chainplyI generally love how chain ply yarns looks — the nice, round 3-ply is unbeatable — but this one did turn out awfully pretty, too.

And finally, the Big Kahuna of this experiment. The Cable Ply. Now I realize I didn’t reinvent the wheel here or anything, but this method is by far the most involved spin I’ve ever undertaken. It goes like this:

  1. Spin 4 sets of singles with an S twist.
  2. Take those 4 sets and make 2 – 2-ply yarns with Z twist, putting in twice the twist you normally would.
  3.  Ply these 2 – 2-ply yarns together with an S twist, just enough, but not too much so that the cable ‘pops.’

I did start step three only to find that I needed substantially more twist in my step 2 yarns (even though I thought I’d added enough), so I followed the tip of just running those 2-plies back through my wheel. That fixed them up just right. And…

cableplyTa-Da! A cable ply yarn!

One more photo, ok?

cable detailI’ll admit that because I spun my singles so thin, I actually had a somewhat hard time seeing the cable ‘pop’ and I had real concerns that when I washed it it would turn out quite right. It did, thankfully!

Beyond the resulting yarns, the most important part of this exercise for me is what I learned form doing it. So what did these 6 mini-skeins teach me?

groupMy skills and abilities with fiber and my wheel have come a long way in the last year.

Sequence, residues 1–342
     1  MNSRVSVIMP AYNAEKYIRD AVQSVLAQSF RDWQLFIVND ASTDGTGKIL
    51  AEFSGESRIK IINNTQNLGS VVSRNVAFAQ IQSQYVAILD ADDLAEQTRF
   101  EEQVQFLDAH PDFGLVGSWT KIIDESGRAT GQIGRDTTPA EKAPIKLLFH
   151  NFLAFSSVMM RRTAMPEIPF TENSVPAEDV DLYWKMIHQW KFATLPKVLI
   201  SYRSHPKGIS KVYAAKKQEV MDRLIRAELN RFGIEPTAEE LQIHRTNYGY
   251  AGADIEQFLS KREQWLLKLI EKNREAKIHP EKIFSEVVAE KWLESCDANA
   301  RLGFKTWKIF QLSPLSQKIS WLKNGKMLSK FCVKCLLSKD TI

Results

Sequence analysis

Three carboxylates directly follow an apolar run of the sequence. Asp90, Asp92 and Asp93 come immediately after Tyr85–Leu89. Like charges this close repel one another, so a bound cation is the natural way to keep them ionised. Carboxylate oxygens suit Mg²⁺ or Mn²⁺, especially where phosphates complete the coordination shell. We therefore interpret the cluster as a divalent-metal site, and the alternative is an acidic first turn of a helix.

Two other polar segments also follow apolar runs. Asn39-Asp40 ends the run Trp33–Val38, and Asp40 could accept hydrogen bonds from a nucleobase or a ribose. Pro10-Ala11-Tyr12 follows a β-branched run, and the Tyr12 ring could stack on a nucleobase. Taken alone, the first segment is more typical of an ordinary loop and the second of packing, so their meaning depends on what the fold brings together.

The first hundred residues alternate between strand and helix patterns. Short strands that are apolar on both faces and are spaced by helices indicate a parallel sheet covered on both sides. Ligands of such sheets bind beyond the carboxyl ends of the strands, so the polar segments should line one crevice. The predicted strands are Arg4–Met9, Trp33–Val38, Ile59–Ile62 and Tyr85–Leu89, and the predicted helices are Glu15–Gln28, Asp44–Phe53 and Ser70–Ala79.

My spinning horizons are so much wider than I realized.

It’s worth it to step outside of my comfort zone.

Having a spinning group (whether online or in-person) can have a huge impact on not only on improving what you already know, but in showing you that you can do things you didn’t even imagine trying.

It’s true to say that this spin-along has fundamentally changed how I look at spinning. In some ways, it’s been slowly unfolding since the beginning, since I got my wheel, but in other ways this spin-along has reinforced and really hit home for me the fact that I have command of this skill. No, I’m not an expert by any means, but I’m not muddling through any more either. If these 6 little skeins could talk, I have a feeling they’d look me squarely in the eye and say, “You’ve got this.”

Oh, the places we’ll go now!

14 responses to “What 6 Mini Skeins Taught Me

  1. wow – those all look so great! It is amazing to me how different they all look, yet clearly they are the same colors. That cable ply looks almost braided. Now, what will you make with all of these beauties?
    You WILL go amazing places now.

  2. WOW, Sarah, these are beautiful. I know nothing about spinning, but enjoy being along for the ride and seeing you step out and brave new techniques. I make myself do that with knitting and always feel so proud, so can imagine how great this makes you feel about yourself, especially since they all turned out so beautifully. Good going, Girl!

    • Thanks! For me, new spinning techniques always makes me feel a little like walking a tight-rope without a net. So much of spinning is much more free-form than I’m generally comfortable with, but I think that’s why I enjoy it so much. It really pushes me.

  3. This is really inspiring to me! I’ve been spinning 6 years, but have really gotten away from it in the last year or two; I’m definitely putting to much emphasis on the final product and less on the process and on exploration. I might just spin for Tour de Fleece this year after all, with the goal of trying many different techniques. Thank you!

    • You’re welcome! I hope that you do! I’ve found that — ironically — the more you focus on the process and the freedom to explore, the better the final product. I hope you find your spinning mojo in the TdF!